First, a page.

Dear Church Family,
Reading the Bible is like dieting. I know none of us have feelings of fondness for dieting and we will have affection for reading our Bibles if we are Christians—even if we suppress or don’t nurture that affection. So yes, I realize this simile will break down, but let’s think about where the two are similar. Also, for the sake of this newsletter, when I say “dieting” I mean altering and monitoring the food we consume.
Last Sunday night we began our study through Don Whitney’s book, “Spiritual Disciplines for the Christian Life” with part one of his section on Bible intake. Lord willing, we will continue with part two of that section this coming Sunday night. All that is to say, I know many of you have been thinking through the role Bible intake plays or doesn’t play in your life—and that is a great thing.
Maybe some of you have come, are coming, or will come under the conviction of the Holy Spirit of the necessity of intentional Bible intake in the life of a growing disciple. Furthermore, we know that Bible intake and knowledge alone are not what God calls us to. We must be doers of the Word and not hearers only; that is, Bible intake must always be rightly applied in our lives. It is meant to change us.
Okay, here is where dieting comes in. Why do we start dieting? Because we want to change something about our physical health or makeup. Why is it hard to start dieting? Because dieting involves changing habits that have been ingrained in us. Why is it hard to keep dieting? Because we do not see immediate changes in our physical health or makeup which makes it even easier to fall back into old patterns. Why do many people join groups about dieting? Because having accountability encourages faithfulness and perseverance.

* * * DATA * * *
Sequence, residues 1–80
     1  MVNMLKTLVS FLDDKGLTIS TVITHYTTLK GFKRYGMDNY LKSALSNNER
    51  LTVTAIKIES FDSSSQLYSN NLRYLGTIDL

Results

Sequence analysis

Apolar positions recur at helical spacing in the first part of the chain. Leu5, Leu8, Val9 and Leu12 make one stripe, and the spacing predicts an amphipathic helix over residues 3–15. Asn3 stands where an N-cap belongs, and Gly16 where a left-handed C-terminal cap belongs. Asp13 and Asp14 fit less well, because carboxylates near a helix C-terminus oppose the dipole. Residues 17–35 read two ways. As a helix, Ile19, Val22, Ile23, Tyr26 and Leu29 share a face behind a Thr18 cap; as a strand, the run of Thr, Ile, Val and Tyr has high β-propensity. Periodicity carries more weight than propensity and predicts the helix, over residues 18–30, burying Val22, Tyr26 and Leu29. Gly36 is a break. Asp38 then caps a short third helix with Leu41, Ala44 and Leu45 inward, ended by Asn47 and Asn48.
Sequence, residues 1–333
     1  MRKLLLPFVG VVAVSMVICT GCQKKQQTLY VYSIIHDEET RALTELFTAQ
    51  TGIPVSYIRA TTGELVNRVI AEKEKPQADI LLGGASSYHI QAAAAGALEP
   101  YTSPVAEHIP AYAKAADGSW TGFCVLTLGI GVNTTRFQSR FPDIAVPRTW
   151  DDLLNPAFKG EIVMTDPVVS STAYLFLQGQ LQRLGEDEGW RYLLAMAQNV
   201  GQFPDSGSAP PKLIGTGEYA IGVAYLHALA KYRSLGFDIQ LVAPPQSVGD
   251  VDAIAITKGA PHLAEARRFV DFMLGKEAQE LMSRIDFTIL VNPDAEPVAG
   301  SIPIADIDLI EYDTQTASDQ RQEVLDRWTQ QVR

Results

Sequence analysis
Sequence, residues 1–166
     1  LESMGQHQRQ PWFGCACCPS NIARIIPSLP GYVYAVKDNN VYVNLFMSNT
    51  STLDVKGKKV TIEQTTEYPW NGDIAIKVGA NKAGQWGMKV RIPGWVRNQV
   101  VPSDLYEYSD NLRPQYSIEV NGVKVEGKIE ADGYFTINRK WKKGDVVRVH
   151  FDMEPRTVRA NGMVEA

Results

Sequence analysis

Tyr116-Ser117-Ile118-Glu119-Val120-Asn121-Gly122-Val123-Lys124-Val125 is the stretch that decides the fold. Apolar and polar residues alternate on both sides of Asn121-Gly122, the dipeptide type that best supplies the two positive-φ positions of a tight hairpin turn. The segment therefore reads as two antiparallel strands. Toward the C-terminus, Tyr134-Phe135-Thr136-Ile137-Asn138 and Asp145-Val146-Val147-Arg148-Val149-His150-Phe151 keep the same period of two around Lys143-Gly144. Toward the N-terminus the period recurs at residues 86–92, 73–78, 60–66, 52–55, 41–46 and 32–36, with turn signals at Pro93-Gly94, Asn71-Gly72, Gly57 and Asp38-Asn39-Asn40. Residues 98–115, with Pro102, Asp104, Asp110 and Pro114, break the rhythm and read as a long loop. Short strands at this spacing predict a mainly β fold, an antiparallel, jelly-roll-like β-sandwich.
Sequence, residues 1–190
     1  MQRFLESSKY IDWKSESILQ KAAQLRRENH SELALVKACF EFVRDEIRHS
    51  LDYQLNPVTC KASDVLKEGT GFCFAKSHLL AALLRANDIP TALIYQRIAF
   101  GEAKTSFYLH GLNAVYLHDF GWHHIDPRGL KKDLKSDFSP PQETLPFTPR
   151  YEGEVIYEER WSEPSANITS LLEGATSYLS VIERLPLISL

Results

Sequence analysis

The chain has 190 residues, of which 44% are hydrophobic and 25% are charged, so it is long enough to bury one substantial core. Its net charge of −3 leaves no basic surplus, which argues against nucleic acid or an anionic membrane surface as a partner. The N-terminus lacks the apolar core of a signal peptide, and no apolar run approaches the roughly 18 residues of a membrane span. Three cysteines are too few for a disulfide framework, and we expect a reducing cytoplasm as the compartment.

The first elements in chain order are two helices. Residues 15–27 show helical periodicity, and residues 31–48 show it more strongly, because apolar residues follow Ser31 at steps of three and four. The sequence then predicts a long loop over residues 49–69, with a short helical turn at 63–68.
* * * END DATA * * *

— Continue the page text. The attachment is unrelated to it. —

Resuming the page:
Do you see where I am going with this? We are called to intentional Bible intake because our lives need to be changed by it. It’s hard for us to start this process when we have ingrained habits contrary to this new discipline that may be sinful, unwise, or simply not best—not to mention the spiritual warfare we are up against. It can be discouraging when we first start out or maybe when we don’t “feel” or see the fruit from our labors, but we can rest assured, the Word of God will not return void. Even though these are personal spiritual disciplines, that doesn’t mean that we are designed to pursue these on our own. We need each other in this struggle between the Old Man and the New Man. We should encourage one another to persevere in faithfully employing the spiritual disciplines of the Christian life. We all want to grow in this together.
So, don’t give up. This is a battle we all must fight through the power of the Holy Spirit. He will give us the victory as we war against our flesh as one body. As the father of modern missions, William Carey challenged the church in his day, “Expect great things from God; attempt great things for God.” Let’s get after it.